The Mien, a Southeast Asian hill people, have immigrated to various countries throughout the world since the mid-1970s. They have brought their ancient culture with them, including beliefs and practices related to health, illness, and healing. During the last several decades they have suffered much war-related trauma, including extensive human, material and symbolic losses. This report describes our clinical experience with Mien refugees in the Indochinese Psychiatric Program of the Oregon Health Sciences University. We discuss symptom presentation among this group of patients, diagnostic and treatment issues, and the impact of cultural health beliefs upon illness and treatment. Major depression and post-traumatic stress disorder have been the most commonly encountered psychiatric diagnoses, usually revealed through somatic symptoms. Not only must clinicians take careful medical and psychiatric histories, but they must also be alert to the high probability of an extensive history of trauma. Clinical improvement in response to psychotropic medications has been limited. As a result, psychosocial and psychotherapeutic approaches to treatment have been developed and expanded and now are commonly employed, effectively combining support and education in the creation of a holding environment that includes both individual and group formats. Two case histories are presented which describe symptom presentation, health belief systems and therapeutic issues involved in treating Mien patients. They also illustrate that traditional and Western healing approaches can co-exist in the optimal care of these patients.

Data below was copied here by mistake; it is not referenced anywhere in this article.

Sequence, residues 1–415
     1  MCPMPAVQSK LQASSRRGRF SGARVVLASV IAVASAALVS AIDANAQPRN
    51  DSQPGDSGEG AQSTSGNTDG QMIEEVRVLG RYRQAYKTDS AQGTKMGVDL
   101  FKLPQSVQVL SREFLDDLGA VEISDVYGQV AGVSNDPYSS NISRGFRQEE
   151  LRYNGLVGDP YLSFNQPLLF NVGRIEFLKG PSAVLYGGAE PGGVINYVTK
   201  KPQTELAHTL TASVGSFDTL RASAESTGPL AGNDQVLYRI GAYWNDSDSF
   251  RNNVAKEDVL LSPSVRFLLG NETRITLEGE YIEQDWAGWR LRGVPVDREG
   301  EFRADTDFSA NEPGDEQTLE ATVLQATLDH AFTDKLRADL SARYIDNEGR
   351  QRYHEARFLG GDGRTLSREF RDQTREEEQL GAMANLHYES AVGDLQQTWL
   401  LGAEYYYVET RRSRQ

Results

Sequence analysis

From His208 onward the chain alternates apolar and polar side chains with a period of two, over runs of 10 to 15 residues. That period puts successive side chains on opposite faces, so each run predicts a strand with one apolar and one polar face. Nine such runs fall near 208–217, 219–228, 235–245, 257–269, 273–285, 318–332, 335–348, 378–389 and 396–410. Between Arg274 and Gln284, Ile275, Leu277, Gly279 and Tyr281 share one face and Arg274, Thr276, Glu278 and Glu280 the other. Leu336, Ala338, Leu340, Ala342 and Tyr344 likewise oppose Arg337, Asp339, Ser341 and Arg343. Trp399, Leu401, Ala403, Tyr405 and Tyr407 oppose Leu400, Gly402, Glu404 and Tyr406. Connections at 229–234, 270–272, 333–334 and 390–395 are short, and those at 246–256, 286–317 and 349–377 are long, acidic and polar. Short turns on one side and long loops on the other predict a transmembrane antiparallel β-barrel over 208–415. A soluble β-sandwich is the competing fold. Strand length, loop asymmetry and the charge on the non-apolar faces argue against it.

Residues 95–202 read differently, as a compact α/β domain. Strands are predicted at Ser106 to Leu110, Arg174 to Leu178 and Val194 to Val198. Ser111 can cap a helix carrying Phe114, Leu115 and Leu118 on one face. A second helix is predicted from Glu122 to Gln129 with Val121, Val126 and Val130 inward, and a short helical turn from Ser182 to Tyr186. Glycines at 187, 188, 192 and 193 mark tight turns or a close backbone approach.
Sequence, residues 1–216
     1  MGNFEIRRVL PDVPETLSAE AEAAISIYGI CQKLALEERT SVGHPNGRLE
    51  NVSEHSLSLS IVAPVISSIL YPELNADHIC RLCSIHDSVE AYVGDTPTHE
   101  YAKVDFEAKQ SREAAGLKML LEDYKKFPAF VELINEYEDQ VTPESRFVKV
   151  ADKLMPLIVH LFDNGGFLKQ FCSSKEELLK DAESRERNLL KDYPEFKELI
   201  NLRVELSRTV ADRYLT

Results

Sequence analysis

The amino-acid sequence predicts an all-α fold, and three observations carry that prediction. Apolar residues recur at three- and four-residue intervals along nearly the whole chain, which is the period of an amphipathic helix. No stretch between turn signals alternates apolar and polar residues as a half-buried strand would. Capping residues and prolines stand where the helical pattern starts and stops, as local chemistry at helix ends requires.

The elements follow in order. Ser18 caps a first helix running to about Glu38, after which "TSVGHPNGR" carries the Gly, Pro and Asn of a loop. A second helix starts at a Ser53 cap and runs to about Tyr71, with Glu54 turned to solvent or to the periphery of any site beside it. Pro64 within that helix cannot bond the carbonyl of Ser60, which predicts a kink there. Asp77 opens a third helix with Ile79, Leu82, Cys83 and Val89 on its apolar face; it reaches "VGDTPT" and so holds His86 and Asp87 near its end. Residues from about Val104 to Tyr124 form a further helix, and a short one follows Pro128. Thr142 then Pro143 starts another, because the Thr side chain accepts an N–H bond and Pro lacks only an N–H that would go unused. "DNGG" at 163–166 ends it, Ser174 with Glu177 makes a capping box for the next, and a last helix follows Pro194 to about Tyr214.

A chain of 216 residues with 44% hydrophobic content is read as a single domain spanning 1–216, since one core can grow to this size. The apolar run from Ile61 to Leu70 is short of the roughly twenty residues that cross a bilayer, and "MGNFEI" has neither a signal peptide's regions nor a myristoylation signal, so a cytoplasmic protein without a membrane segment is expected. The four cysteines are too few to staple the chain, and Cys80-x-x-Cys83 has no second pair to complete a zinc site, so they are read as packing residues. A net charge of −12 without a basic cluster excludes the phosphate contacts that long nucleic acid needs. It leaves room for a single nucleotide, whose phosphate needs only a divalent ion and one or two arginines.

ASJC Scopus subject areas
- Health(social science)
- History and Philosophy of Science